12. Digital Media and Latino Families: New Channels for Learning, Parenting, and Local Organizing

    ERIC Educational Resources Information Center

    Fuller, Bruce; Lizárraga, José Ramon; Gray, James H.

    2015-01-01

    Latino families in America increasingly enjoy access to a dizzying array of content on a variety of electronic devices, from televisions and video games to personal computers and mobile devices. Bruce Fuller, José Ramón Lizárraga, James H. Gray raise pressing questions that face Latino families as they adopt technologies that both have the…

  13. The Relationship between Latino Students' Learning Styles and Their Academic Performance

    ERIC Educational Resources Information Center

    Torres, Sonia Maldonado

    2014-01-01

    The purpose of this study was to explore the relationship between Latino Students' learning styles and their academic performance. Students' academic performance was measured using their overall grade point average (GPA). A group of 229 Latino students who were enrolled at an urban community college in New York City participated in the…

  14. Winds of Change: Latinos in the Heartland and the Nation. JSRI Statistical Brief No. 5.

    ERIC Educational Resources Information Center

    Aponte, Robert; Siles, Marcelo E.

    This statistical brief provides a follow-up assessment of the changing demographic and economic landscape of the Midwest between 1980 and 1990. Latino population growth in the Midwest during the 1980s was modest, but since the region's other groups experienced minimal or negative growth, Latino growth accounted for over half the Midwest's total…

  15. Latino Parents' Choice of Magnet School: How School Choice Differs across Racial and Ethnic Boundaries

    ERIC Educational Resources Information Center

    Haynes, Katherine Taylor; Phillips, Kristie J. R.; Goldring, Ellen B.

    2010-01-01

    Historically, magnet schools have served predominantly Black and Anglo populations. Consequently, little research exists on Latino parent's engagement in school choice and their patterns of participation. Magnet schools are increasingly part of the landscape for improving school achievement for all students. Yet Latino enrollment rates in magnet…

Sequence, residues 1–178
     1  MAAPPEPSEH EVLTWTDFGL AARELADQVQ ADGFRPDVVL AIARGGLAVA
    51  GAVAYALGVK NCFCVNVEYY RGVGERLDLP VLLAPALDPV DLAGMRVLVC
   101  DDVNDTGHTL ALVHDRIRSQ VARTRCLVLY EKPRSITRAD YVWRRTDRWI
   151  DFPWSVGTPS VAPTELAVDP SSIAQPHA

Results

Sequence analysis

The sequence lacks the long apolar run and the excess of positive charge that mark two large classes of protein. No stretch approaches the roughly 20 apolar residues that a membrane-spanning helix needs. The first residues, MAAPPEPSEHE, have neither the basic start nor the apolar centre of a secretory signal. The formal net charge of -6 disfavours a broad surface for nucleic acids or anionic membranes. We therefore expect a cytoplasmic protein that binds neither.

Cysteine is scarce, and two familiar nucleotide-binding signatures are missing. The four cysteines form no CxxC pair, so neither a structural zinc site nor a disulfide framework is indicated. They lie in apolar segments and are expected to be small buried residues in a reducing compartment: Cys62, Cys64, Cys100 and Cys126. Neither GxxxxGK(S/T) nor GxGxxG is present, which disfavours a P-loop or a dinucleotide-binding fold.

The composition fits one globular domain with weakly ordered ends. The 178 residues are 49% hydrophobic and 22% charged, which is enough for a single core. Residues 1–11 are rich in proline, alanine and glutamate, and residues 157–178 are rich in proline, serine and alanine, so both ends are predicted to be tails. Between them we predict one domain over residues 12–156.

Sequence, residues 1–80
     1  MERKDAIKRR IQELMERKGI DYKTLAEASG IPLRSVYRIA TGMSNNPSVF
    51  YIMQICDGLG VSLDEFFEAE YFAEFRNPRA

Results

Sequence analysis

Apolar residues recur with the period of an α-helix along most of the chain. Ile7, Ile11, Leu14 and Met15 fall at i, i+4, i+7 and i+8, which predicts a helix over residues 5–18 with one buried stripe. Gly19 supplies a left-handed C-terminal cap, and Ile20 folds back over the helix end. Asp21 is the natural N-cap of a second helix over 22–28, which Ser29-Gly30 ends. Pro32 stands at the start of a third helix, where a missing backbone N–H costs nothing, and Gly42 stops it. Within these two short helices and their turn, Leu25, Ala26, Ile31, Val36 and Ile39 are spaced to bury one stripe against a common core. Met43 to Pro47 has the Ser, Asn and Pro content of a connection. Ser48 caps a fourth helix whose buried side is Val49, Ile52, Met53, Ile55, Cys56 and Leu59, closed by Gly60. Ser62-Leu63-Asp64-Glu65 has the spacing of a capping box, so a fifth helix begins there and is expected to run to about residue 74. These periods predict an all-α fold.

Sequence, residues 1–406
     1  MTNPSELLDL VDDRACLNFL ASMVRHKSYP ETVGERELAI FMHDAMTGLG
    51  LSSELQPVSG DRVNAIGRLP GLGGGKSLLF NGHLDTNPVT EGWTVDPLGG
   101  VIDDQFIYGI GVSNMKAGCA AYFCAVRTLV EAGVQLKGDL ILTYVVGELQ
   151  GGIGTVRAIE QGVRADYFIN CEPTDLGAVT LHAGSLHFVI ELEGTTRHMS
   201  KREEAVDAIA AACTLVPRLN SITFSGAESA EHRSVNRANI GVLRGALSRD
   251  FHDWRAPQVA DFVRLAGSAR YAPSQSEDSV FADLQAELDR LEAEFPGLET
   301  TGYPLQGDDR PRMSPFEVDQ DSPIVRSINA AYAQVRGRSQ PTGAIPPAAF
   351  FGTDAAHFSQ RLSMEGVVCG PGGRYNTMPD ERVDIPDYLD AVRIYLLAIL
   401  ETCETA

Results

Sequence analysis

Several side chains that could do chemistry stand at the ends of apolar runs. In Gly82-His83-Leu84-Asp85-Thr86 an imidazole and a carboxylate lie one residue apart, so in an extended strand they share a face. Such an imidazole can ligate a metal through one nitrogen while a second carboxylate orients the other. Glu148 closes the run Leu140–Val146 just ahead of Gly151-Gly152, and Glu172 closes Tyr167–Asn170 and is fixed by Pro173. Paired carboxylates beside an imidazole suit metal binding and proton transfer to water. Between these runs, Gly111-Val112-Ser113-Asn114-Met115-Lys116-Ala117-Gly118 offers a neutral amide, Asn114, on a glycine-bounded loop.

16. A Gift for the Gifted: School Counselor Advocacy for Representation of Latino Students in Gifted Education

    ERIC Educational Resources Information Center

    Bessman, Lisa; Carr, Rosylia; Grimes, Lee Edmondson

    2013-01-01

    Many children from the Latino community require support from school counselors to achieve greatness in academics. Barriers preventing accurate gifted and talented nominations for Latino ELL students presently exist in school systems. Existing barriers can be broken down for student success. This study explored current literature to examine issues…

  17. Psychological Impact of Negotiating Two Cultures: Latino Coping and Self-Esteem

    ERIC Educational Resources Information Center

    Torres, Lucas; Rollock, David

    2009-01-01

    Among 96 Latino adults, active coping accounted for variance in global self-esteem beyond that of biculturalism and sociodemographic indicators. The findings highlight the importance of accounting for the way Latino adults approach negotiating multiple cultural contexts. Extending acculturation research to integrate competence-based formulations…

  18. Assessing Student Preconceptions of Sport Management Faculty: Where Do Women and Latinos Stand?

    ERIC Educational Resources Information Center

    Sosa, Jason; Sagas, Michael

    2008-01-01

    Latino individuals and women as a group have found it difficult to become established within the professorate. As such, the purpose of this study was to examine student preconceptions of Latino professors within sport management. The study was conducted within a sport management class (N = 102), utilizing self-categorization theory based on race…

  19. Acculturative Stress and Gang Involvement among Latinos: U.S.-Born versus Immigrant Youth

    ERIC Educational Resources Information Center

    Barrett, Alice N.; Kuperminc, Gabriel P.; Lewis, Kelly M.

    2013-01-01

    Gang involvement is an increasing issue among Latino youth, yet nuanced research on its potential causes is scarce. Quantitative and qualitative data were used to explore links between acculturative stress and gang involvement among immigrant and U.S.-born Latino middle school students (N = 199). Regression analyses showed that U.S.-born youths…

  20. Factors Affecting the Job Satisfaction of Latino/a Immigrants in the Midwest

    ERIC Educational Resources Information Center

    Valdivia, Corinne; Flores, Lisa Y.

    2012-01-01

    This study examined the job satisfaction of 253 Latino/a newcomers in three rural communities in the Midwest. Specifically, the authors explored the effects of ethnic identity, Anglo acculturation, Latino/a acculturation, perceptions of the community (social relations, discrimination/racism, and language pressures), job tenure, work hours, and…